We had a very nice vacation, in fact probably the best family vacation we've had. Usually we're all a little tired of each other by the end of the week, a little surly and rundown, but for some reason that didn't happen this year.
Oh, I wanted to tell you about an author I discovered this vacation! Her name is Alice Taylor, and she's Irish. By chance, I picked up her book The Village, a memoir about village life in the early 1960s, at the library, and I found it absolutely charming. Now I want to read her book about growing up in the country, To School Through the Fields. I'll let you know how it is.
4. The garden is growing! Get ready for more pictures!
Butternut squash to the left, black beans to the right.
The world's tiniest cornfield.
We are starting to get tomatoes, and there are peppers on the pepper plants, but it may take awhile for them to turn yellow and red. Lots of cukes, lots of green beans. The watermelon plants are not growing vigorously, nor are the zucchini. It has been a dry summer so far, and I fear they haven't gotten enough water.
5. Big news: I got my braces off! I will end this post with the before and after pictures:
Before (as in about an hour before the braces came off)
Doesn't it look like the tree on the left is hugging the tree on the right?
So I turned 50 on Friday. It wasn't so bad. It was a little strange to wake up and think, "I'm 50." The idea was a little more weighty than I anticipated. But by the end of the day it felt very normal to be 50. Isn't everyone?
On Saturday we had a birthday party with forty of our nearest and dearest, and I enjoyed it very much, much to my amazement. Of course, being the hostess, I spent most of the evening running around making sure everyone had someone to talk to and that the introverts weren't suffering too much. We ate barbecue pork and hush puppies and banana pudding, and my friend Doug the fiddle player and his friend Rick the guitar player played Old Time music out by the garage.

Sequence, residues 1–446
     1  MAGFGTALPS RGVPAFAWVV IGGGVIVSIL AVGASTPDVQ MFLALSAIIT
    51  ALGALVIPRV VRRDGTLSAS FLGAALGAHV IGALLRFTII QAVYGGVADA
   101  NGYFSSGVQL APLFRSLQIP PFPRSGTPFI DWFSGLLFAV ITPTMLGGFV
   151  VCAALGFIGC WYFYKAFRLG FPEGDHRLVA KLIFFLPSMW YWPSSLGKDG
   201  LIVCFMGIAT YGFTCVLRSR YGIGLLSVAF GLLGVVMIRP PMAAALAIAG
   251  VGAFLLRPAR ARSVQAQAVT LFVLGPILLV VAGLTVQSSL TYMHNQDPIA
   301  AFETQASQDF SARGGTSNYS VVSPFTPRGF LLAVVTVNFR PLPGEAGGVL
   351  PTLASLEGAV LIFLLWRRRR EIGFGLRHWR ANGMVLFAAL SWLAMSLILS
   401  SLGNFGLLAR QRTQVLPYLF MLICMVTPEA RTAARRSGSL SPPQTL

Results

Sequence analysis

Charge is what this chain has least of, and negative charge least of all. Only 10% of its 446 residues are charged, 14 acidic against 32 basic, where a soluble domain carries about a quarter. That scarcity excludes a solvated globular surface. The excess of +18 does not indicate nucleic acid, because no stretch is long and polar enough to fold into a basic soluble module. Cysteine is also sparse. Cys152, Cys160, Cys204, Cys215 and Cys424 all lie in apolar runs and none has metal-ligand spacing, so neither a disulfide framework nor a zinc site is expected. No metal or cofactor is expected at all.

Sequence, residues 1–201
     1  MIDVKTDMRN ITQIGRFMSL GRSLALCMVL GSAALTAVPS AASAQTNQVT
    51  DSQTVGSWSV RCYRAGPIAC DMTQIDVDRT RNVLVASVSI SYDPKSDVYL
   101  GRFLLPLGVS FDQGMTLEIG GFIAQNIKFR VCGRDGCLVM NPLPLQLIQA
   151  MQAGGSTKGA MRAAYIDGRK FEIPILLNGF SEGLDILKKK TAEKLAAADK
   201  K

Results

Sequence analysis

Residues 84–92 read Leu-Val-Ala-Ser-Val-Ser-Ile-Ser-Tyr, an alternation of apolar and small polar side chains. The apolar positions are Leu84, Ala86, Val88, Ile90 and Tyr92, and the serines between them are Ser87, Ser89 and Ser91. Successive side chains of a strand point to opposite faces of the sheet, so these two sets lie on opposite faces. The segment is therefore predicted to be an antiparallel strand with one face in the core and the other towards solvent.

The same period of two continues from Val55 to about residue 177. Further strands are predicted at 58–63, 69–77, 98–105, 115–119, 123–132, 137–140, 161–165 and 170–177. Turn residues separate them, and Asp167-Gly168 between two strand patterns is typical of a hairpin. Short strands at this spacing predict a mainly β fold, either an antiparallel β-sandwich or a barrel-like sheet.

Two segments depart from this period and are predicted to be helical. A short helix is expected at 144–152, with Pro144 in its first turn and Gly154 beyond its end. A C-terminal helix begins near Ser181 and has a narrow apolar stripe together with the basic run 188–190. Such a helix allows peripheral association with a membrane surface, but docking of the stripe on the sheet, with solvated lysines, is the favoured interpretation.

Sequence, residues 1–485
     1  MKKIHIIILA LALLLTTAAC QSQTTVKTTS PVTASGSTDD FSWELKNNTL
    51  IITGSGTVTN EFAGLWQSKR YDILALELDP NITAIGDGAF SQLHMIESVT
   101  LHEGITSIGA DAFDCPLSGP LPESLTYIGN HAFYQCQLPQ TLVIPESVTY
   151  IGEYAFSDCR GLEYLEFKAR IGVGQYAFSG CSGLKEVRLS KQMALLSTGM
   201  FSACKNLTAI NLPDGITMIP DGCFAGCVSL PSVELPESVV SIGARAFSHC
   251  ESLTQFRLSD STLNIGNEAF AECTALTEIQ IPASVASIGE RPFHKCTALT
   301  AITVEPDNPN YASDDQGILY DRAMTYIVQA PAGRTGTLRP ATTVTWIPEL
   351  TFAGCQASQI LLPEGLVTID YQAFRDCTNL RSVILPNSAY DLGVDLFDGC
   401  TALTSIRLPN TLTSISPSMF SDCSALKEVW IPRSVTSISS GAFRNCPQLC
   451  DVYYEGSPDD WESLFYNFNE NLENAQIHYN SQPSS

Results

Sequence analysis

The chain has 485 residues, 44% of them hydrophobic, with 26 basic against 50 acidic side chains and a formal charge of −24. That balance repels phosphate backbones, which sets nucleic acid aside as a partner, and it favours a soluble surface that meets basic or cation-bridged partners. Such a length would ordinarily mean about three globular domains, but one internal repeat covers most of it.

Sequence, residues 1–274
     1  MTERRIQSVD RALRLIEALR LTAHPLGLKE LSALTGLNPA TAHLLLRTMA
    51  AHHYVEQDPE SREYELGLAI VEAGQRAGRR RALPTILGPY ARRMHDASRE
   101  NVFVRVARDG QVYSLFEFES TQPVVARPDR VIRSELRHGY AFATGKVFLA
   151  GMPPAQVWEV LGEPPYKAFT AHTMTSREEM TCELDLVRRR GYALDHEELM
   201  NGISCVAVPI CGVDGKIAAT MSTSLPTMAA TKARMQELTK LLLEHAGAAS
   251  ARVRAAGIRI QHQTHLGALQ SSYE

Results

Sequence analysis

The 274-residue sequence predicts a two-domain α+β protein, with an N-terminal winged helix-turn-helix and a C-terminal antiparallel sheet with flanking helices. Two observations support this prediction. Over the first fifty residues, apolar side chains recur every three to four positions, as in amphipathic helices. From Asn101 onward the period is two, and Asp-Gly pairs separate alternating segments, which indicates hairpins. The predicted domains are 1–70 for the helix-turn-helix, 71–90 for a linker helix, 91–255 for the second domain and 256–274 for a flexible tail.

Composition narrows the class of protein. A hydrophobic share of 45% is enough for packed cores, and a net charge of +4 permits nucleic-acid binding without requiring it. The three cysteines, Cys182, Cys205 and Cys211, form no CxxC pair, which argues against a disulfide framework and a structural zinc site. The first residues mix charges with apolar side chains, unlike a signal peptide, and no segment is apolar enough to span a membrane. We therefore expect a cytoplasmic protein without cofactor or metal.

The Man and I have decided we like throwing parties more than we think we do. The introverts among you will understand what we mean.
School is out. As usual, we have very little planned. Drivers Ed and some volunteer work for Jack, a few camps for Will, a week at the beach for all of us, a trip to Kentucky to see my parents before school starts again. Other than that, it's the pool for Will and the garden and writing for me and texting his friends for Jack.
Will's baseball team has a game on Saturday. If they win, they will be League champions. If they lose, they will play one more game, and the winner of that game will be champions. I have no idea how Will's team got in the position of being one game out from league champs. His team last year was full of stars (including Will, naturally). This year? Will is a standout fielder a good pitcher and a consistent hitter, Luke can hit like a champ, and Leo is a great pitcher if he doesn't get psyched out, and Alec is an inconsistently good pitcher. Sam is growing into first base, and Henry is steady at third. Maybe that's all it takes? A couple good pitchers, a solid infield, and one or two go-to hitters? I guess.
But I have to say, I'm ready for the season to be over. I get too nervous watching the games. I don't even know why. Will always plays well, and he doesn't fall apart if they lose. He doesn't take it too hard. And I don't take it too hard if they lose, either. But in the heat of the game, I'm absolutely miserable from nerves. I try to be zen about it; I knit, I practice mindful breathing. I remind myself that in the scheme of things, this game matters very little. None of it helps.
Here's what we have planted in the garden: Lots of flowers and a wide variety of tomatoes, French breakfast radishes, yellow squash, zucchini squash, sugar-baby watermelons, eggplant, red peppers, yellow peppers, pimento peppers, corn, green beans, french filet green beans, lima beans, black beans, Mother Stallard pole beans, Jacob's Cattle beans, butternut squash, cucumbers, lettuce (in its last days), okra, and one sweet potato plant.